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Bad News for British Retailer BHS

It’s little wonder that Arcadia Group sold BHS to Retail Acquisitions Ltd. for less than $2 in March 2015.

The 88-year-old British fashion and home goods retailer, which has been bleeding money for years and recently enlisted KPMG’s help in restructuring its organization, on Monday entered administration.

Duff & Phelps, a privately-held investment banking firm, has been appointed as administrator (a procedure to protect a company from its creditors) and said business will continue as normal at the chain’s nearly 170 stores as it keeps working to find a buyer.

It is the U.K.’s biggest retail casualty in recent years.

“The group has been undergoing restructuring and, as has been widely reported, the shareholders have been in negotiations to find a buyer for the business. These negotiations have been unsuccessful. In addition, property sales have not materialized as expected in both number and value,” Duff & Phelps said in a statement. “Consequently, as a result of a lower than expected cash balance, the group is very unlikely to meet all contractual payments. The directors therefore have no alternative but to put the group into administration to protect it for all creditors. The group will continue to trade as usual whilst the administrators seek to sell it as a going concern. Further announcements will be made as appropriate in due course.”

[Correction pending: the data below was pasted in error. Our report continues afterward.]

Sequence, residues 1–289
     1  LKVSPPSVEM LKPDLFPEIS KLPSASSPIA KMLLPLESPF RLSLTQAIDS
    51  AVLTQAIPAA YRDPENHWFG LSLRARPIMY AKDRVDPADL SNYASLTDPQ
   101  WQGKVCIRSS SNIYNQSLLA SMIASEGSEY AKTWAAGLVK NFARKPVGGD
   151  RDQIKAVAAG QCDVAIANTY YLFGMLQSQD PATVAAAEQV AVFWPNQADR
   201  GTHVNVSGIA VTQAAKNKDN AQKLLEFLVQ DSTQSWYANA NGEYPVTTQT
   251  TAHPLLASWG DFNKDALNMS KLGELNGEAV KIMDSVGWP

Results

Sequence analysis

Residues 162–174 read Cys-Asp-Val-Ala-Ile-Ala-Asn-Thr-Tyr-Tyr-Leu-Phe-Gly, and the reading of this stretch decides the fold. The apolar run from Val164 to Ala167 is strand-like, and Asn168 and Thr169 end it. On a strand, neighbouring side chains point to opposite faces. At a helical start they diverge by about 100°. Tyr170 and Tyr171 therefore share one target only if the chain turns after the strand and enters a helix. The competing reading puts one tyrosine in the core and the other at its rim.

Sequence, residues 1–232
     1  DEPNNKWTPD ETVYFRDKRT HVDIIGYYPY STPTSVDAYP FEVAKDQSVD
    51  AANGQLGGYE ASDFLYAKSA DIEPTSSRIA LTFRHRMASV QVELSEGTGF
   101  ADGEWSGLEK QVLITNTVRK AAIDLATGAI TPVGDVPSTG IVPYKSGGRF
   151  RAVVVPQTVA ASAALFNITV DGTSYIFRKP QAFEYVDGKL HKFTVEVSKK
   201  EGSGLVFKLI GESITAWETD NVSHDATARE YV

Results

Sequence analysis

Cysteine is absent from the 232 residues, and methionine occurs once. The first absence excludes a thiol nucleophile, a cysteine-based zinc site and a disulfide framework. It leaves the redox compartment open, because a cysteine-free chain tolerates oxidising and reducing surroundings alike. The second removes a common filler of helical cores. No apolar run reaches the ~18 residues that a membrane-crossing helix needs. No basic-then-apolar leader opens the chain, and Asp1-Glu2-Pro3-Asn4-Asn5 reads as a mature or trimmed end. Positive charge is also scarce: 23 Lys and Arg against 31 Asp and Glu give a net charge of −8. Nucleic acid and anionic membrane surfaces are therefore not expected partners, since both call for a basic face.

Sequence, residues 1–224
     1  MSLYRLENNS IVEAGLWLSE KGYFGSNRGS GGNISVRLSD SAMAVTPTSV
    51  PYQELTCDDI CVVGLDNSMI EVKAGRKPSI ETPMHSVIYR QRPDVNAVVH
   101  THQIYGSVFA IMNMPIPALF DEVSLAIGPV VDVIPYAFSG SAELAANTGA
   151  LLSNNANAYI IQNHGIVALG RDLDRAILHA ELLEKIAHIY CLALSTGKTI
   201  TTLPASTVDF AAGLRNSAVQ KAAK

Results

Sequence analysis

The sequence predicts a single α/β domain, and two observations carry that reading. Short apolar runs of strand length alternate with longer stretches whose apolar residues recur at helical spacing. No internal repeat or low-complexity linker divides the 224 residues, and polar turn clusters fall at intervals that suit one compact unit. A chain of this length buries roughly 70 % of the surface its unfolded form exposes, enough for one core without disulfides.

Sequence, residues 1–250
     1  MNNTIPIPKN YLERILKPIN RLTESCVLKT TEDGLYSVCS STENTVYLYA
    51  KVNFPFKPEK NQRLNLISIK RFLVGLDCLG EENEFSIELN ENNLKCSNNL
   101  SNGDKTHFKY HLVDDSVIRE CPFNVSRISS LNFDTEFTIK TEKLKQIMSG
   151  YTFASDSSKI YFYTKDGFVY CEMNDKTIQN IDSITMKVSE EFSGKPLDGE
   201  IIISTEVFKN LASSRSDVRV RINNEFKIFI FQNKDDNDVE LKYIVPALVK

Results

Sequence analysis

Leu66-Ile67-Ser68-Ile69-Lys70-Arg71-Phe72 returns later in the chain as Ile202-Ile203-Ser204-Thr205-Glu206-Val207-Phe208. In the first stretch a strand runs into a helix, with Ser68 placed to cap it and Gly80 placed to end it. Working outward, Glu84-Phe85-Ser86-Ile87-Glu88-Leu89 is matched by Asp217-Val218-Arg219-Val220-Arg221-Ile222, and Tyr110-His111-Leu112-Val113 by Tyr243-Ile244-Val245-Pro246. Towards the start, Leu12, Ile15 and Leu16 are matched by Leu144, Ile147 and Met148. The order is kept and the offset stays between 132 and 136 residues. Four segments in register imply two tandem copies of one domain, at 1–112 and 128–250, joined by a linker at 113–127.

A letter sent Sunday by BHS owner Dominic Chappell to the retailer’s 11,000 employees, and quoted by The Guardian, said, “It is with a deep heart that I have to report, despite a massive effort from the team, we have been unable to secure a funder or a trade sale.”

He noted that the administrators would pay their wages this month and continued, “I would like to say it has been a real pleasure working with all of you on the BHS project, one I will never forget, you all need to keep your heads held high, you have done a great job and remember that it was always going to be very, very hard to turn around.”

BHS, which first opened its doors back in 1928, lost 85 million pounds ($122.5 million) in the year ended Aug. 30, 2014. It recently failed to secure 60 million pounds ($86.8 million) in emergency funding that it needed to pay wages and rent.